Sweden’s Sjöormen-class Submarines Proved Cost-Effective – During the Cold War, Sweden maintained a policy of neutrality that included developing the means to ensure its independence and deter the mighty Soviet Union. As nuclear-powered submarines proved too expensive for the government of Stockholm to develop, it found a cost-effect solution to the problem of maintaining an undersea presence in its territorial waters with the Sjöormen-class (Sea Bear or Sea Serpent) of diesel-electric boats.
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All five boats of the Sjöormen-class were built within a year at the Kockums and Karlskrona yards beginning in the summer of July 1968. The five boats, which included the HSwMS Sjöormen, HSwMS Sjölejonet (Sea Lion), HSwMS Sjöbjörnen (See Bee), HSwMS Sjöhunden (Sea Dog), and HSwMS Sjöhästen (Sea Horse), were the first modern type of submarines to enter service with the Royal Swedish Navy.
Each was optimized for service in the relatively confined waters of the Baltic Sea, which have long been seen as notoriously difficult to navigate. The average width of the Baltic is only about 125 miles or 200 km, while the average depth is between 330 and 650 feet (100 to 200 meters). Though the Baltic is essentially tideless, strong north-easterly winds can whip up choppy seas, which can create hazardous navigating conditions for small craft.
In addition, the shores near Sweden and neighboring Finland are heavily indented with rocky islands, while the eastern and southern shores feature dunes, sandpits, lagoons, and estuaries – all of which are far from ideal for large submarines. However, the Sjöormen-class was designed with the waters in mind.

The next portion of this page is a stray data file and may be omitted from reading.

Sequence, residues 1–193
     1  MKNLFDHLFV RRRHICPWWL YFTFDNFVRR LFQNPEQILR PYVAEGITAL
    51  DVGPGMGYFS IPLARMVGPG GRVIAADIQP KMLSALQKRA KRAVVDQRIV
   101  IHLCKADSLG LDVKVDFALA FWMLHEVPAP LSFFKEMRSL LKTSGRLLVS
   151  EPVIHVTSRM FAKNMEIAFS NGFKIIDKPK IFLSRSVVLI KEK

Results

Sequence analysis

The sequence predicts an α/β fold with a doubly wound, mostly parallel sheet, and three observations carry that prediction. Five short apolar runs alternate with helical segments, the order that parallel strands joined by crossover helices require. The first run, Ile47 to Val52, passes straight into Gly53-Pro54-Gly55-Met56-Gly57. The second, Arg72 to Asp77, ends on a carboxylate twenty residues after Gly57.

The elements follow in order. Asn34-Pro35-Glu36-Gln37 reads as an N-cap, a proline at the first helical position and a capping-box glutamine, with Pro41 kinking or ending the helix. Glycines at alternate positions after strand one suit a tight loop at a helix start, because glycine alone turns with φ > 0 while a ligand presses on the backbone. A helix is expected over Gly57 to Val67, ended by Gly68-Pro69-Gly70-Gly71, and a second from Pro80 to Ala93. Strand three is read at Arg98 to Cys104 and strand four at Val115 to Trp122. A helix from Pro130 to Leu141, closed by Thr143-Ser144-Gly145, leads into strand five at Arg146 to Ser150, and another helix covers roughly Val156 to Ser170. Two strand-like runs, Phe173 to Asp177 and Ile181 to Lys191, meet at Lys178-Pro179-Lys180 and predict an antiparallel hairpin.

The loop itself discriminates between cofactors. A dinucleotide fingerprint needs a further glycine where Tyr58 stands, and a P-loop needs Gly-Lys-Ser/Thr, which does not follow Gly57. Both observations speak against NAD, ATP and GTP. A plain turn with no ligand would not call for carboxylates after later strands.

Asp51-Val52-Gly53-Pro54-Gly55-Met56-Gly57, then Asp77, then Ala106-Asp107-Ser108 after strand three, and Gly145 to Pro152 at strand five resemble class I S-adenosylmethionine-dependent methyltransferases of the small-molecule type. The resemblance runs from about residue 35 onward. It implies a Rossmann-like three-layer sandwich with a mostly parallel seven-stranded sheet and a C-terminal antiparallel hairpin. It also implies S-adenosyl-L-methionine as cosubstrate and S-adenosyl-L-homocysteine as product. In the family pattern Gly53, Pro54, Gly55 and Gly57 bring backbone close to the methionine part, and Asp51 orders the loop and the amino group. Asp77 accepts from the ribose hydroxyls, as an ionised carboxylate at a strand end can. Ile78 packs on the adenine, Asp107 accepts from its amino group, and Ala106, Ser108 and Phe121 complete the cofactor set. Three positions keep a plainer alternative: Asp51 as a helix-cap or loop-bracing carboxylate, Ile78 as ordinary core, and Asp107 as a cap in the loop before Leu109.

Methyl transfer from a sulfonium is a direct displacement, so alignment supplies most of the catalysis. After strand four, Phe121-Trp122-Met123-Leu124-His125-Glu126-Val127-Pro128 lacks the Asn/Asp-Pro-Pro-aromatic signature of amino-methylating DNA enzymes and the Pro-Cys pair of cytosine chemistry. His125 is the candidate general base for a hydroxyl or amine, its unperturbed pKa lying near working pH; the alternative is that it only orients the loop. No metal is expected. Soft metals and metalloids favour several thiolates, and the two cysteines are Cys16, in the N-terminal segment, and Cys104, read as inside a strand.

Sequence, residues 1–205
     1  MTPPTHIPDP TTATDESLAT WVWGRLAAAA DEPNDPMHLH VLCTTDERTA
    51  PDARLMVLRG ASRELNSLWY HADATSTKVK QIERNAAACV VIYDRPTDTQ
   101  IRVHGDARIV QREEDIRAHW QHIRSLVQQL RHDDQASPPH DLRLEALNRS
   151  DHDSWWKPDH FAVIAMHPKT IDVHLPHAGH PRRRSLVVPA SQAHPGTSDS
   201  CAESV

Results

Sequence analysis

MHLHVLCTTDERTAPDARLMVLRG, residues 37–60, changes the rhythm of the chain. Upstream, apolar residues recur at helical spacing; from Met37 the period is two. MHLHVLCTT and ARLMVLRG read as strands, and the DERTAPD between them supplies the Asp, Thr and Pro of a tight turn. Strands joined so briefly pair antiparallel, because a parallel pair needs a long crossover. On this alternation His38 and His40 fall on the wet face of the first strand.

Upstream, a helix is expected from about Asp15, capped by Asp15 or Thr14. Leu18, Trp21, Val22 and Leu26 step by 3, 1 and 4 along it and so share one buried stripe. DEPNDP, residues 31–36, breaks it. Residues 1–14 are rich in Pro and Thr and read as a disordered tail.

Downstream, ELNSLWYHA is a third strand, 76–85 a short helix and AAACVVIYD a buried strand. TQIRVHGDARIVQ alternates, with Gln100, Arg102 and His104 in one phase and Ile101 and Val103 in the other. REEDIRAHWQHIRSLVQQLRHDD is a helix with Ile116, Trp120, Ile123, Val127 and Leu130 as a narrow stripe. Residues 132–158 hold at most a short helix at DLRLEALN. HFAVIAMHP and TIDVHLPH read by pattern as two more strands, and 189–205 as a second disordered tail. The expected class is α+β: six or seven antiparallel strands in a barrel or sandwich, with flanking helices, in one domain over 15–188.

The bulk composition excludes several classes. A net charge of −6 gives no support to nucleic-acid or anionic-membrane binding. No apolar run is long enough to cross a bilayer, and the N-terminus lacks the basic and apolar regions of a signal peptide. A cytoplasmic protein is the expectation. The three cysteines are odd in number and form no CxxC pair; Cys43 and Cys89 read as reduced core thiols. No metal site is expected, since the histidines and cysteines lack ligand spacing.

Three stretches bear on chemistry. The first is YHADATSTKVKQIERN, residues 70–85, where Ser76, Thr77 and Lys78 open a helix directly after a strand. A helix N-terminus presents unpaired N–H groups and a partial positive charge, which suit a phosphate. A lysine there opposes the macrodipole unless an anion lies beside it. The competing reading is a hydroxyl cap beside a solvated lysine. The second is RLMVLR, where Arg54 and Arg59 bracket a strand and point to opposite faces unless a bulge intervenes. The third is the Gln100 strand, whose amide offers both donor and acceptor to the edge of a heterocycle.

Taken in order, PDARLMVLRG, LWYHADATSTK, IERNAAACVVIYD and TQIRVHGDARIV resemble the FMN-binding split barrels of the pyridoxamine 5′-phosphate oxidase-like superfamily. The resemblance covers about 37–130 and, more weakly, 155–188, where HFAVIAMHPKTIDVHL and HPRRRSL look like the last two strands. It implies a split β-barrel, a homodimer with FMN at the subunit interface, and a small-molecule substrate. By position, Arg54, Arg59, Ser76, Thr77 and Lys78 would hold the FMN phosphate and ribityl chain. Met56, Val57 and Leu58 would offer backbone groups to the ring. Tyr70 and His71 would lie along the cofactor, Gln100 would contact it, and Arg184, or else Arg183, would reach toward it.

Key Sjöormen-class Facts:
Each of the 1,246-ton submarines of the Sjöormen-class was powered by four 1,566 kW (2,100 shp) diesel engines and one electric motor driving a single shaft. The Hedemora Diesel generators provided a top speed of 20 knots submerged.
The hydroplanes of the subs were mounted on the sail, and that greatly increased the boat’s underwater maneuverability, which was of greater importance in the Baltic Sea than diving depth. In addition, each of the boats’ four stern planes was in an “X” configuration which further increased the maneuverability.
The Sjöormen-class featured an “Albacore” type hull that provided a good turn at speed. The hull design, which had first been employed on the United States Navy’s USS Albacore (AGSS-569), is shaped like a teardrop. The emphasis of such a design is on hydrodynamic flow, and the benefits include increased speed and a smaller acoustic signature, which can make the submarine more difficult to detect. The shape also allowed for a twin deck configuration that offered ample space for the twenty-five officers and sailors, as well as their equipment.
At just 165 feet, eight inches in length and 20 feet at its beam, the Sjöormen-class wasn’t large by any means. Yet the subs each were equipped with four 533mm (21-inch) torpedo tubes and two 400mm (15.8-inch) torpedo tubes for ten Type 61 anti-ship wire-guided; and four Type 42 wire-guided anti-submarine torpedoes respectively. In addition, the boats could carry up to six influence ground mines.
Electronics on the vessels included one Terma surface search radar, one low-frequency sonar, and after the 1984-95 upgrade, one IBS-A17 torpedo fire control/action information system.
Sweden to Singapore
While the submarines had been designed for service in the Baltic Sea, in the 1990s all five were sold and transferred to the Republic of Singapore Navy. During the refurbishment, the boats were prepared for tropical conditions that included the installation of air conditioning units, marine growth protection systems, and corrosion-resistant piping.
HSwMS Sjöbjörnen was the first of the boats to be transferred, and was re-launched as the RSS Challenger in September 1997. Four of the five submarines formed Singapore’s 171 Submarine Squadron: with Sjöormen re-launched as RSS Centurion, Sjölejonet re-launched as RSSConqueror and Sjöhunden re-launched as RSS Chieftain; while Sjöhästen was sold and maintained for spare parts.
Bonus Photo Essay: Meet the Gotland-Class from Sweden
Now a Senior Editor for 1945, Peter Suciu is a Michigan-based writer who has contributed to more than four dozen magazines, newspapers and websites. He regularly writes about military hardware, and is the author of several books on military headgear including A Gallery of Military Headdress, which is available on Amazon.com. Peter is also a Contributing Writer for Forbes.